Adoptions during the COVID-19 pandemic have an added complication—how can you hand off an animal to an adopter when social distancing must be maintained?
To answer that question, use these tips to help your staff, volunteers, fosters, and adopters conduct contactless handoffs that reduce the risk for both the people and animals involved.
Have an Action Plan
Before putting any wheels into motion, think through every step of your handoff process and decide how each will be done. Important factors to consider are:
Animal equipment and supplies. What walking or carrying equipment, food, medications, and other supplies need to go with this animal? The more easily laundered or disinfected, the better.
Transportation. Will the animal be traveling in the foster or adopter’s vehicle or a vehicle owned by your organization? For vehicles that will continue transporting animals after this handoff, make sure to follow your organization’s sanitization protocols. Would it make sense to use a ride share service instead?
Location of Transfer. Is the animal being dropped off or picked up at the shelter, at a foster or adopter’s home, or at another mutually agreeable location? Regardless of what location you decide, try to do the handoff outside if it is safe to do so.
Method of Transfer. How will the animal get from one person’s hands to another?
If the dog can fit into a crate: Place the crate on the ground and step back six feet. Then, have the foster or adopter come forward and pick it up.
If the dog cannot fit into a crate: If the option is available, load the dog directly into the hatchback or backseat of the foster or adopter’s car or do the handoff in a fenced-in area where the leash can be dropped and space can be maintained. If neither of these options is available, a physical leash hand-off may be necessary. Make sure you are keeping as much distance as possible during this handoff while maintaining a firm grasp on the leash.
Place the crate on the ground and step back six feet. Then, have the adopter or foster come forward and pick it up.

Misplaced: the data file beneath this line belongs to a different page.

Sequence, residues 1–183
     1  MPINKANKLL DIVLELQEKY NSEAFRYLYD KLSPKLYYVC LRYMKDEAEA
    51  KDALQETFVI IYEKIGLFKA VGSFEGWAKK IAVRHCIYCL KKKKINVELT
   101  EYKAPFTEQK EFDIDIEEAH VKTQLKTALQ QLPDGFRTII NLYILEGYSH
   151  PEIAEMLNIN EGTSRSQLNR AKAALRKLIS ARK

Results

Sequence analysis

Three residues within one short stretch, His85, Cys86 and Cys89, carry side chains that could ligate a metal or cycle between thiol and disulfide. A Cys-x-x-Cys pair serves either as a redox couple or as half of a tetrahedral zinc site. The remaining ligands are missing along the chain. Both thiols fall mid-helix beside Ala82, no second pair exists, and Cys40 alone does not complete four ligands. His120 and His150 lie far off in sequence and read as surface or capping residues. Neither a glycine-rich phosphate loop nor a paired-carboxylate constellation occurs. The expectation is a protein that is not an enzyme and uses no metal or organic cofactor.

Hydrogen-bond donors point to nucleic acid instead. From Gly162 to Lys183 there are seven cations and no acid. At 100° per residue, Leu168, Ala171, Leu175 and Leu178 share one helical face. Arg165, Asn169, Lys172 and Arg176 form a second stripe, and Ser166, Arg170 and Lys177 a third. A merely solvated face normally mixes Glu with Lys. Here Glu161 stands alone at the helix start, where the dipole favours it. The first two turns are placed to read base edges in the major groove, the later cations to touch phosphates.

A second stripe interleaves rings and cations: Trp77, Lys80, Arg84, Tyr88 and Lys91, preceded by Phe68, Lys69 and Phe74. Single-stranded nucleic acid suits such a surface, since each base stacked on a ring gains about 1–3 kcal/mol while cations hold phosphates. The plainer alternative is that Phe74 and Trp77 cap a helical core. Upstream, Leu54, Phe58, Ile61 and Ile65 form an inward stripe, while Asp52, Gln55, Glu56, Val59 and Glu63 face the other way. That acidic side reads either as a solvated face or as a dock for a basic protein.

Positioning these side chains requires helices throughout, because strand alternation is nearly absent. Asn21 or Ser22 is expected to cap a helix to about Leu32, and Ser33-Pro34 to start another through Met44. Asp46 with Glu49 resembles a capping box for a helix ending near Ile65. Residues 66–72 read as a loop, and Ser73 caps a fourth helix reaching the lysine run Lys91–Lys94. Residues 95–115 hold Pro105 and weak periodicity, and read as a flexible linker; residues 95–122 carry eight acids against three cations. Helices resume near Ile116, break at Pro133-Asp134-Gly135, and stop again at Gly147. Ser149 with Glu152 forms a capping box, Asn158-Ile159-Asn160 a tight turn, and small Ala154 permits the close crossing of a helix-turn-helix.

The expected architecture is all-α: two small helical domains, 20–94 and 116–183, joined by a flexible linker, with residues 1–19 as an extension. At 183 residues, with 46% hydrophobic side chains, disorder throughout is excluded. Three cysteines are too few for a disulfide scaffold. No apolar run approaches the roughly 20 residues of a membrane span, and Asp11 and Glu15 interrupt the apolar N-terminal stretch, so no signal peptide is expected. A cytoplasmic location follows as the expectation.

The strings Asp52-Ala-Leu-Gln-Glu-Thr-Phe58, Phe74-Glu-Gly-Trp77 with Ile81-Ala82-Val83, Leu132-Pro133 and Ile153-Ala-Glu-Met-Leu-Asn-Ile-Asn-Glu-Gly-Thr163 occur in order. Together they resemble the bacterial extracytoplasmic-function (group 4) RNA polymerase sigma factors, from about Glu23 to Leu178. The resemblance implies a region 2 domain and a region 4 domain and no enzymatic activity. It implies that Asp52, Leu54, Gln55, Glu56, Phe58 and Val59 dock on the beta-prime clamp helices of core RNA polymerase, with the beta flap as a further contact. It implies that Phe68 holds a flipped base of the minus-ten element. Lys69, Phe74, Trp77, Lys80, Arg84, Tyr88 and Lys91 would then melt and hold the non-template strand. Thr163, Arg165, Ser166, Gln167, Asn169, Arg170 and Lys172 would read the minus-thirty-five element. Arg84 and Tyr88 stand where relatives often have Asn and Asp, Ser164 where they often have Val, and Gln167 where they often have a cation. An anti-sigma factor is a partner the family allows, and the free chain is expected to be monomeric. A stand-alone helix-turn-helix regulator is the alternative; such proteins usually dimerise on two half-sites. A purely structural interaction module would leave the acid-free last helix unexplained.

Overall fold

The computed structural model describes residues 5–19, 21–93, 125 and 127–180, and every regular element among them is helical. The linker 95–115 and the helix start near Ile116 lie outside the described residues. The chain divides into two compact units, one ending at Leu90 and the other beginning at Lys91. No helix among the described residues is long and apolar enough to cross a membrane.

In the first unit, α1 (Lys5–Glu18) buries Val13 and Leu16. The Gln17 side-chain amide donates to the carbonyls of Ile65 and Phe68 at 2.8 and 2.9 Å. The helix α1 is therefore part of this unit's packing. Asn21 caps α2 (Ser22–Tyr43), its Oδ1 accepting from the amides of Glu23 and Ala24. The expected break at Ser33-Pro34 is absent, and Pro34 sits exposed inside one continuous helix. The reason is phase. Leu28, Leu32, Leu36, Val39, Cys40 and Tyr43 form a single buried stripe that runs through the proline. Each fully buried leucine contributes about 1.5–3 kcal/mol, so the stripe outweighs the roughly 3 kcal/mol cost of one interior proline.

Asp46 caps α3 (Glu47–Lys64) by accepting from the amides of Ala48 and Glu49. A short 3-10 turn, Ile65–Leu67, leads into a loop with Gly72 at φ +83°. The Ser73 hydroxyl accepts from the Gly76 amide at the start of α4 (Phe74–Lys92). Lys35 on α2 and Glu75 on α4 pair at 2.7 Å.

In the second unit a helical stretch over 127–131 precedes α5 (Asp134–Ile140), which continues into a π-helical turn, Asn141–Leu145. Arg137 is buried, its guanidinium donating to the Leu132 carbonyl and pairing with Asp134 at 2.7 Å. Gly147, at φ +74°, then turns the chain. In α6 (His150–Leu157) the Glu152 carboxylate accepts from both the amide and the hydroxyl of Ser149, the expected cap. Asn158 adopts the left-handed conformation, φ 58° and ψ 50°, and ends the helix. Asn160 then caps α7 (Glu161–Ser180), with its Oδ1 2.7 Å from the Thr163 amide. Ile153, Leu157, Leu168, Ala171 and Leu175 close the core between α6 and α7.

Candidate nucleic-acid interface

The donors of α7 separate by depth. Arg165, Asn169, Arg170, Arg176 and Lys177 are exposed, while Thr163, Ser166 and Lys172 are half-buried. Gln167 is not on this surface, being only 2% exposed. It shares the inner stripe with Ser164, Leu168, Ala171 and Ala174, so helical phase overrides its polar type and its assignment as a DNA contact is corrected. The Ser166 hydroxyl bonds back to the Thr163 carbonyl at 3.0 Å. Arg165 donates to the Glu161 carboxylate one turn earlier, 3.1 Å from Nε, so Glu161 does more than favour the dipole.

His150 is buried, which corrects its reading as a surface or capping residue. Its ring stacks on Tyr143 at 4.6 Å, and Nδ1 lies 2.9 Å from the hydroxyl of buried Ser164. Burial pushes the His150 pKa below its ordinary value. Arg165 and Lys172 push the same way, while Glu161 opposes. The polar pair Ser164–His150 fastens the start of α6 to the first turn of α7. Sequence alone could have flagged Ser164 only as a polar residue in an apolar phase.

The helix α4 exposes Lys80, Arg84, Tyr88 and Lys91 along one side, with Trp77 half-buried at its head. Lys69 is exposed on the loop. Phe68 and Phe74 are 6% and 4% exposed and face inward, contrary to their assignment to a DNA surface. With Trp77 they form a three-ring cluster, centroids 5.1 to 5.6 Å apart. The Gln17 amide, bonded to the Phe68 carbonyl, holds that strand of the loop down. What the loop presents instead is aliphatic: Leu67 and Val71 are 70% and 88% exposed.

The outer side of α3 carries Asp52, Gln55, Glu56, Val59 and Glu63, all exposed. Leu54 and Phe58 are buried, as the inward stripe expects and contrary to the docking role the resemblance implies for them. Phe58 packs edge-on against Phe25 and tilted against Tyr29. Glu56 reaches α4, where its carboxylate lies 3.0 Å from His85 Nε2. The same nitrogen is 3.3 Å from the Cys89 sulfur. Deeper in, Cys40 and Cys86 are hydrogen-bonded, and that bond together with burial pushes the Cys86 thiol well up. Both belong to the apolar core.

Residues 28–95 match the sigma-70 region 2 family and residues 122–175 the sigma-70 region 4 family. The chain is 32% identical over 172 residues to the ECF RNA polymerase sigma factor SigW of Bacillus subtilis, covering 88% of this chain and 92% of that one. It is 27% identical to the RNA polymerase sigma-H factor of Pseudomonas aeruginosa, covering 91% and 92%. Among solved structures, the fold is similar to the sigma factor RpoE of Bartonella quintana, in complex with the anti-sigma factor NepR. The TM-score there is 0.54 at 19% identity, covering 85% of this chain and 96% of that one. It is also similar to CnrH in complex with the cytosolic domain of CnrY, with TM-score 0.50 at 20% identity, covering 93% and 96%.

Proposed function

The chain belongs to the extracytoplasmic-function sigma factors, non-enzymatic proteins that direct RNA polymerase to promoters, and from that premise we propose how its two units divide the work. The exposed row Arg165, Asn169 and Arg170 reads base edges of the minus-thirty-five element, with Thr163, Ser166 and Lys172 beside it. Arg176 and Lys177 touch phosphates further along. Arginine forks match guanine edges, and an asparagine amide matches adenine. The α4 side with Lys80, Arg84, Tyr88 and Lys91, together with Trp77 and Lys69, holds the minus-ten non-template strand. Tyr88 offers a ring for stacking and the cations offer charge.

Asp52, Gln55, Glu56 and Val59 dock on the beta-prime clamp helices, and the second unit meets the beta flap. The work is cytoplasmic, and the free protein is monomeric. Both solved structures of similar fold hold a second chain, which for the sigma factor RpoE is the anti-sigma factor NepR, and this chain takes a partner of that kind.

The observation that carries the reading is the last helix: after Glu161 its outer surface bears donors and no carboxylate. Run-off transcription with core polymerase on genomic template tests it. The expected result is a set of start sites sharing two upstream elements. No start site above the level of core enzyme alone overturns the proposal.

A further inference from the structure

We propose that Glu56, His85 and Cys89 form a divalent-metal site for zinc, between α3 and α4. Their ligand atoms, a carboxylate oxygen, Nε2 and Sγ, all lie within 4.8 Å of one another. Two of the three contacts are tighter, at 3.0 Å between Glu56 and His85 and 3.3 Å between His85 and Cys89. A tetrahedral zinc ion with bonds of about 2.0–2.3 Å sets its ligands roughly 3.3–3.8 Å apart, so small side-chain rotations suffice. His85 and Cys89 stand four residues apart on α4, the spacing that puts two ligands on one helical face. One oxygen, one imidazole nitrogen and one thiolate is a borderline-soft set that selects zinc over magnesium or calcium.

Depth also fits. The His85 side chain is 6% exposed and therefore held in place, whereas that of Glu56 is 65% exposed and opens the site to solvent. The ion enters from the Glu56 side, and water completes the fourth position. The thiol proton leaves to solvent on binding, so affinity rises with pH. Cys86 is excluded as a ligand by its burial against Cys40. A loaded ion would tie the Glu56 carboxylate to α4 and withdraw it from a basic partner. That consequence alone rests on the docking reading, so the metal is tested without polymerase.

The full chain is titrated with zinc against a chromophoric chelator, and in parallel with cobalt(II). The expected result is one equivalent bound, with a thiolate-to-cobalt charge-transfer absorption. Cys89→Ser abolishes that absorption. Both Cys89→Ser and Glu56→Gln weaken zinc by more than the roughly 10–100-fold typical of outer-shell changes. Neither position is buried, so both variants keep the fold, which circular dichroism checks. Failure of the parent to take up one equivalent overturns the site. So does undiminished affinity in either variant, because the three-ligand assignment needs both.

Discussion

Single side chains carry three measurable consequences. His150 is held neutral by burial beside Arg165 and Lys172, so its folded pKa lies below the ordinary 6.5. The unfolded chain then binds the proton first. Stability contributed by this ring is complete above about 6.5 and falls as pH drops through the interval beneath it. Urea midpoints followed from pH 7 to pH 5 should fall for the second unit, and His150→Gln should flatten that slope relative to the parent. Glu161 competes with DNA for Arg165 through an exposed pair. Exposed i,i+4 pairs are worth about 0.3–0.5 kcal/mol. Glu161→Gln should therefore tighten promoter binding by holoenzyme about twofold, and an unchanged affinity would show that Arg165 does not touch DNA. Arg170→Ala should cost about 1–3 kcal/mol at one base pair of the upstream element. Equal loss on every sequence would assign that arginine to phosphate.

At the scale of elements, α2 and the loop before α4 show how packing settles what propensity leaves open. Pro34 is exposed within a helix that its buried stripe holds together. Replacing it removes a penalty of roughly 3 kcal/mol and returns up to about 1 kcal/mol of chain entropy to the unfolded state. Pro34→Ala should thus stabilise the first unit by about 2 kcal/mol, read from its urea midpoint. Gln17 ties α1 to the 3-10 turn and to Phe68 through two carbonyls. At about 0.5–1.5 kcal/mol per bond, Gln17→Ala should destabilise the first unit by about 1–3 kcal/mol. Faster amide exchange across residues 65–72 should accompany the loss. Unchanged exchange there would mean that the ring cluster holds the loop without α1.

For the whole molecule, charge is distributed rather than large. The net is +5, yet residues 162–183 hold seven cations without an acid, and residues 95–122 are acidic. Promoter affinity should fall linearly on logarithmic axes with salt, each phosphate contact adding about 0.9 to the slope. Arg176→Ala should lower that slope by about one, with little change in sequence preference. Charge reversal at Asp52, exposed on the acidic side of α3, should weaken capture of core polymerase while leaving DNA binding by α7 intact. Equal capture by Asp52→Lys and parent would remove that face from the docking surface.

Place the horse into the appropriate stall as directed by the adopter. Remove the lead and halter, step out of the stall, and close the door.
Create a Go-Kit
Having the right supplies on-hand during a no-touch handoff is important. Prepare your go-kit ahead of time, and make sure it contains the following items:
Towels and paper towels
Additional PPE according to CDC guidelines and your organization’s protocol. This is especially important for circumstances such as known COVID-exposure or animal illness.
Communicate, Communicate, Communicate
Communication is key to ensuring that a contactless handoff goes smoothly.
Utilize phone, email, and text messages prior to the handoff to minimize the number of face-to-face conversations needed. Make sure to relay all the details of the process and emphasize that the handoff will be no-contact and that social distancing measures will be practiced. You should also ask if the person receiving the animal has had any known contact or suspected contact with an individual infected with COVID-19 or has any respiratory symptoms such as cough, chills, shortness of breath, sore throat, or fever. If their answer is “yes,” be sure to follow CDC guidelines and your organization’s protocols.
For drop-offs, call or text the person receiving the animal with your ETA when you depart. Call or text them again when you arrive.
Practice Proper Hygiene and Sanitization
There’s more to staying safe than just maintaining six feet of space. To keep everyone involved in the process healthy, make sure to:
Wipe down all contact surfaces, like carrier handles, with disinfectant right before handoff.
Make sure the parties involved are wearing proper PPE, like face masks and gloves, and have hand sanitizer on hand. Additional PPE may be required for certain situations—for example, if an animal has known COVID exposure or is showing signs of illness —so be sure to follow CDC guidelines and your organization’s protocols. After handing off the animal, staff or volunteers should dispose of their gloves in a public trash receptacle, if available, or their go-kit’s trash bag.
Remove any towels or blankets covering dog or cat carriers during the handoff. Have the receiver replace the towel or blanket with their own.
If the handoff requires driving, make sure the driver uses hand sanitizer after loading the animal into the vehicle but before touching the interior.
To see examples of contactless cat and equine handoffs in action, watch the video below.